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Wintersmith    by Terry Pratchett order for
by Terry Pratchett
Order:  USA  Can
Doubleday, 2006 (2006)
* * *   Reviewed by Hilary Williamson

Wintersmith follows The Wee Free Men and A Hat Full of Sky as the third Discworld adventure for talented, enchanting young witch Tiffany Aching, who's continually followed and protected - usually to her dismay - by the small and contentious Nac Mac Feegle. In the first episode, Tiffany inherited her dead Granny Aching's role as witch of the Chalk downlands, while she became an apprentice in the second and won the interest of powerful Mistress Weatherwax.

The story opens on a Feegle Glossary (explaining colorful terms like Blethers and Mudlin) and a preview for the Feegles of Tiffany (whom they are sworn to protect) in great peril during a terrible snowstorm in which lambs are dying. Then we return to the previous autumn, when Tiffany - apprenticed to eccentric, blind, scary 113-year old Miss Eumenides Treason - visits Granny Weatherwax, who teaches her the importance of keeping the balance in magic. Tiffany leaves her mentor a kitten who gets called You.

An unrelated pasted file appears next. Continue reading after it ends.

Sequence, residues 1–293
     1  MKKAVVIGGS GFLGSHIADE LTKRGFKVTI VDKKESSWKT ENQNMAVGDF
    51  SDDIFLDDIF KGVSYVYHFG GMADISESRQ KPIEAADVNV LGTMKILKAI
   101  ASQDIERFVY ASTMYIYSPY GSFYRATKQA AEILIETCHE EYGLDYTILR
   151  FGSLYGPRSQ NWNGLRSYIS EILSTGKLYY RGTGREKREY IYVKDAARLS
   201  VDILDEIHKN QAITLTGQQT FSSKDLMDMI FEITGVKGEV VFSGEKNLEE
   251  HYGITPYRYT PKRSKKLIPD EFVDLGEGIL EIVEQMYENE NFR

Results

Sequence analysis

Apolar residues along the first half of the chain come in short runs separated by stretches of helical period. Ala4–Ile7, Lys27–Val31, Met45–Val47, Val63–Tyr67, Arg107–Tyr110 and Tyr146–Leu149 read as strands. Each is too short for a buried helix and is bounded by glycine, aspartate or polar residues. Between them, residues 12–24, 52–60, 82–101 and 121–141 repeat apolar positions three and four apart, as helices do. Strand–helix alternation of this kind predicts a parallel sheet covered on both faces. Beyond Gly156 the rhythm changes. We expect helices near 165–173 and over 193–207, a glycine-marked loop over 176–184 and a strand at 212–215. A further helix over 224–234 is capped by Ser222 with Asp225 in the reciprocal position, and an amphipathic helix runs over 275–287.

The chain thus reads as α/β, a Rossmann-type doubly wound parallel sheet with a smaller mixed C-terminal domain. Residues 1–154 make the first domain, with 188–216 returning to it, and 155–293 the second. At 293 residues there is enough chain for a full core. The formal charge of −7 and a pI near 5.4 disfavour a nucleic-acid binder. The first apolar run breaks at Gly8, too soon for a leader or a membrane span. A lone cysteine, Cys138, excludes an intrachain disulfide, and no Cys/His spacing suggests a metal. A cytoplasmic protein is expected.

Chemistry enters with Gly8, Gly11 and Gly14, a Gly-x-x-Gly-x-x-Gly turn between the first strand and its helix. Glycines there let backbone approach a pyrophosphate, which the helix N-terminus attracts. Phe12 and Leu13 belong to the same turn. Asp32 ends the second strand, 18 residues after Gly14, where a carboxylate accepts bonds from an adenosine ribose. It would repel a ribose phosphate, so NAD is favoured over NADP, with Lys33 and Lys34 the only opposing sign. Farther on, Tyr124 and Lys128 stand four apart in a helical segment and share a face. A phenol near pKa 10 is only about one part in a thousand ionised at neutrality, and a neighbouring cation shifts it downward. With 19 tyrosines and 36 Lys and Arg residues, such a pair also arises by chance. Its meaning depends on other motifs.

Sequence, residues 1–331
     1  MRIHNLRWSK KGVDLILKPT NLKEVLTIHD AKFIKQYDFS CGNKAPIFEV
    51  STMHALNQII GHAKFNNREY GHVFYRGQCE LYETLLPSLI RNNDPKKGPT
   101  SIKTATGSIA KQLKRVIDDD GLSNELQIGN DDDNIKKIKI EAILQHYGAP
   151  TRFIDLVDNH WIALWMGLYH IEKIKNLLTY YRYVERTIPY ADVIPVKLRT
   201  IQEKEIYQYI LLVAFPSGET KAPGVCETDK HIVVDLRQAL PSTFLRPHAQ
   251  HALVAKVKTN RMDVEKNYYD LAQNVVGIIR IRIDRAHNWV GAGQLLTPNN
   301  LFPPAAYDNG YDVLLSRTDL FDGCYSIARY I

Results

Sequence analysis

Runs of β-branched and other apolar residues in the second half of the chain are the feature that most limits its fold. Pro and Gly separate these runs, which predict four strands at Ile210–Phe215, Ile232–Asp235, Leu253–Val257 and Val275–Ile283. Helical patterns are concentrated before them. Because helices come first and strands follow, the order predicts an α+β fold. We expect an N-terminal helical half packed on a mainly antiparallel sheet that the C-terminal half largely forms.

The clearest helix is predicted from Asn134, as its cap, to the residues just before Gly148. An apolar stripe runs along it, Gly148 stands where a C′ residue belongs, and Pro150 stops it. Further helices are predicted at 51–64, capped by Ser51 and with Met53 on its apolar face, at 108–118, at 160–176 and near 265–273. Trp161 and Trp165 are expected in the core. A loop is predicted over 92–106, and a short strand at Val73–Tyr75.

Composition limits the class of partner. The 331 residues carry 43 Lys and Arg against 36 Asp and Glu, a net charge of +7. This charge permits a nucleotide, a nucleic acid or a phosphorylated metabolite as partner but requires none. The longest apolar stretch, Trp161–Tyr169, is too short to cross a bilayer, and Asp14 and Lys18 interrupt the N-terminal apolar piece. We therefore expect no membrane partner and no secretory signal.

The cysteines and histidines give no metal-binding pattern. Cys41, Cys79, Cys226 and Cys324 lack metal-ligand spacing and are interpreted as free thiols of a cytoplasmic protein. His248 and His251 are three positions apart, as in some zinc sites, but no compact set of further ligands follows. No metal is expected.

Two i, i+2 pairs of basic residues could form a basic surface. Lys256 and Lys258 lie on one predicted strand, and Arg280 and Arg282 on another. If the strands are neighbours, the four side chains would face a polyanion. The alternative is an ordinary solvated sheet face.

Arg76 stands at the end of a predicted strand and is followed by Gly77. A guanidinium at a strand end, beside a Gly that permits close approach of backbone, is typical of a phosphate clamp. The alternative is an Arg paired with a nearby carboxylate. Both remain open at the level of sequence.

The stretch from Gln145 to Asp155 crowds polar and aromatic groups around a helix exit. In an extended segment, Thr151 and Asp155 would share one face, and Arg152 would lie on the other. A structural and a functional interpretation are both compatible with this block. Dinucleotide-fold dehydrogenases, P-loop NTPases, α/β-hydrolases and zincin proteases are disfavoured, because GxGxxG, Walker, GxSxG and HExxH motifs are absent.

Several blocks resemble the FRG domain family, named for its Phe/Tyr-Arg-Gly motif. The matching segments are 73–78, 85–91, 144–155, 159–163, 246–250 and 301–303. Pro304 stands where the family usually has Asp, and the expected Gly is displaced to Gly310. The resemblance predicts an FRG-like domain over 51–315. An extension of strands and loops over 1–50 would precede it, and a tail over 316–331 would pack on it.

One night, Miss Treason - who inadvertently teaches her apprentice about the importance of Boffo - takes Tiffany to witness a dance in the forest, telling her firmly not to 'move until the dance is finished.' Unfortunately, Tiffany's feet have their own ideas, dancing her into all kinds of trouble after she catches the attention of the Wintersmith and inserts herself into the changing of the seasons. She's made the 'story about ice and fire, summer and winter' wrong and now has to set it right again.

The elemental courts Tiffany with snowflakes in her image, writes her name in frost ferns on windows, floats huge icebergs in her image to impress her, and tries to turn itself into a man. Then Miss Treason announces her imminent death and plans must be made for her funeral party (which she attends) and successor - who turns out to be hopeless and helpless, another problem for Tiffany to solve. On top of which she develops Fertile Feet from her role in the dance of seasons, acquires the Horn of Plenty, and earns the ire of the Summer Lady.

Tiffany and Roland - whom she previously saved from the Queen of the Fairies - write regularly, though he doesn't reveal the fact that his father is very ill and he's besieged in his castle tower room by greedy aunts. The Feegle, joined by Horace the cheese, try to make things right for their 'big wee hag'. And Tiffany begins having Third Thoughts, which 'seemed to think for themselves, and didn't usually turn up very often.' Then winter arrives with a vengeance, the Chalk downs freeze hard, and Tiffany heads home.

Third Thoughts and a big dose of courage - from both Tiffany and Roland who has to act the Hero in the Underworld - save the day, as the young witch teaches the powerful Wintersmith what it really means to be human. Let's hope Tiffany Aching soon writes herself into another splendid story for Terry Pratchett!

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